United States Court of Appeals for the Federal Circuit
June 13, 2011
MILO D. BURROUGHS, PETITIONER,
MERIT SYSTEMS PROTECTION BOARD, RESPONDENT, AND DEPARTMENT OF DEFENSE, INTERVENOR.
Petition for review of the Merit Systems Protection Board in case no. DA3330090583-I-1.
NOTE: This disposition is nonprecedential.
Before RADER, Chief Judge, PROST and O'MALLEY, Circuit Judges.
Appellant Milo Burroughs petitions for review of the final decision of the Merit Systems Protection Board ("MSPB" or "Board") dismissing his appeal for lack of jurisdiction. Because the Board correctly determined that it lacked jurisdiction over Mr. Burroughs's appeal, we affirm.
Mr. Burroughs, an honorably discharged veteran of the United States Air Force, applied for a position as an Aerospace Engineer with the Department of Defense. After reevaluating its needs, the agency determined that it did not need an Aerospace Engineer, and it cancelled the request for personnel action. Having not been selected for the position, Mr. Burroughs filed a complaint with the Department of Labor on April 25, 2009, alleging that the agency violated his veterans preference rights by not selecting him for the job. The Department of Labor did not respond to the complaint. After sixty-one days, Mr. Burroughs appealed his nonselection with the MSPB.
An administrative judge issued an initial decision denying the nonselection claim on the merits. On review, the Board questioned its jurisdiction over Mr. Burroughs's nonselection claim because it was not clear that Mr. Burroughs had exhausted his administrative remedy with the Department of Labor as required under the Veterans Employment Opportunity Act ("VEOA"). Noting that the record was not complete, the Board specifically directed Mr. Burroughs to submit evidence that he had satisfied the exhaustion requirement. The Board explained that Mr. Burroughs could satisfy the VEOA requirements by submitting evidence that the Department of Labor had sent him a written notification of the results of its investigation of the complaint including a notification that it was unable to resolve the complaint. Alternatively, he could submit evidence that the Department of Labor had not resolved the complaint within sixty days, and that he had notified the Secretary of Labor of his intention to file an appeal with the MSPB.
Mr. Burroughs responded to the Board's order by attaching a copy of his April 25, 2009 Department of Labor complaint and stating that he had filed his MSPB appeal sixty-one days after filing the Department of Labor complaint. This partial response was not sufficient because Mr. Burroughs did not satisfy either of the alternatives described by the Board. With respect to the first approach, he did not indicate whether the Department of Labor had sent him written notification of its resolution of his complaint. With respect to the second approach, he did not show that he had informed the Secretary of Labor of his intention to file an appeal with the MSPB.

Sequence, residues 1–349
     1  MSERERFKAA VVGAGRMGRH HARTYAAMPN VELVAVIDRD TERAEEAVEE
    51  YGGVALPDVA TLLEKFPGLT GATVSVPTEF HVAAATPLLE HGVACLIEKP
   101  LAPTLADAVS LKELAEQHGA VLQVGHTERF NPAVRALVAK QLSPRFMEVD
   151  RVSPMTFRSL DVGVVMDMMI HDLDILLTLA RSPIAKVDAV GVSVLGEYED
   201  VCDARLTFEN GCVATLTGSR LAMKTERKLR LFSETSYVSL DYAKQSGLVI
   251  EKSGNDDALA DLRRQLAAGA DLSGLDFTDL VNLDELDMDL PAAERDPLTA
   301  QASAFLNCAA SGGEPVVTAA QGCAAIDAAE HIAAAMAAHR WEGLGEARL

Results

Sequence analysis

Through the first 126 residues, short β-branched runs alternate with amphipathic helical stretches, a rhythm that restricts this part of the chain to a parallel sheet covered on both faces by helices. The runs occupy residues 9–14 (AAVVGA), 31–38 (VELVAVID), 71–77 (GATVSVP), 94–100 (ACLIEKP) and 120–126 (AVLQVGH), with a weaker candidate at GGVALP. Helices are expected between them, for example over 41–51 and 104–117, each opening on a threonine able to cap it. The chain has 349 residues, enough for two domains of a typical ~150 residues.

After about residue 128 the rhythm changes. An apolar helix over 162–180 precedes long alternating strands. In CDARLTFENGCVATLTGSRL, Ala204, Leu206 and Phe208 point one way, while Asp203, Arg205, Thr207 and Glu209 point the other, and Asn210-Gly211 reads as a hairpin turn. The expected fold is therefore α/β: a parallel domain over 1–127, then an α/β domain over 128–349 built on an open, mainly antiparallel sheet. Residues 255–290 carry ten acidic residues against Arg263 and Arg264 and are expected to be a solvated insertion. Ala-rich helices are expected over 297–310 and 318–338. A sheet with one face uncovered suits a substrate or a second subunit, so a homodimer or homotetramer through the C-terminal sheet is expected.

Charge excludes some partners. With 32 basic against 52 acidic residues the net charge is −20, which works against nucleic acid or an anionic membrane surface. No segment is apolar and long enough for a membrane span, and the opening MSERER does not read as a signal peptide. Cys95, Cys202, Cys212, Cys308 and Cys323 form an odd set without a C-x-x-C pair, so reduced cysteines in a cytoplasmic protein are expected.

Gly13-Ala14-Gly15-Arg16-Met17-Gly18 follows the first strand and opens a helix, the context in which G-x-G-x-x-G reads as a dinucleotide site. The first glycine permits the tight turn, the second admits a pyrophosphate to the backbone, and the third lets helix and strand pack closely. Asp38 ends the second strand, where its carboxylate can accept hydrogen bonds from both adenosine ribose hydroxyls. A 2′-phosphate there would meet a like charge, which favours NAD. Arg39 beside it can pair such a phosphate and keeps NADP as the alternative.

Given these failures, the MSPB dismissed the appeal for lack of jurisdiction, concluding that Mr. Burroughs had not exhausted his administrative remedy with the Department of Labor. Burroughs v. Dep't of Defense, DA3330090583-I-1 (M.S.P.B. Sept. 21, 2010). Because it did not have jurisdiction, the MSPB did not reach the merits of the nonselection claim. This appeal followed.
The scope of our review of a Board decision is limited. We review the Board's decision about its jurisdiction without deference. Butler v. Soc. Sec. Admin., 331 F.3d 1368, 1371-72 (Fed. Cir. 2003).
The MSPB dismissed Mr. Burroughs's appeal for lack of jurisdiction without reaching the merits of his non-selection claim. On appeal to this court, Mr. Burroughs argues that the MSPB has jurisdiction over his nonselection claim under both the VEOA and the Veterans Preference Act ("VPA") itself.
Mr. Burroughs first argues that he has satisfied the VEOA exhaustion requirements because he filed his appeal more than sixty days after filing his complaint with the Department of Labor. While the record supports that the appropriate amount of time had passed before Mr. Burroughs filed his appeal, nothing in the record supports that he provided the required written notice to the Secretary of Labor of his intention to bring an MSPB appeal. See 5 U.S.C § 3330a(d)(2). This written notification is important because it lets the Secretary of Labor know she should stop investigating the complaint. Mr. Burroughs states that he "notified the [Secretary of Labor]" on April 25, 2009 of his intention to appeal to the Board using "form OBM NO. 1293-0002 designed specifi- cally for that purpose." The form that Mr. Burroughs points to, however, is his original complaint. This document does not serve as written notice that he is electing to appeal the alleged violation to the MSPB. Because the record does not contain evidence that Mr. Burroughs notified the Secretary of Labor in writing that he was appealing his nonselection to the MSPB, the MSPB correctly concluded that he had not satisfied the VEOA exhaustion requirements. Accordingly, the MSPB does not have jurisdiction over the nonselection claim under the VEOA.
Mr. Burroughs further argues that the VPA provides an independent source of jurisdiction for his nonselection claim. As this court has already explained in Burroughs v. Merit Systems Protection Board, No. 2010-3180 (Fed. Cir. Apr. 8, 2011), the MSPB's authority to entertain nonselection claims stems from the VEOA. The VPA does not provide an independent source of MSPB jurisdiction over Mr. Burroughs's appeal.
The Board correctly determined that it lacked jurisdiction over Mr. Burroughs's appeal. Accordingly, we affirm.
Each party shall bear its own costs.
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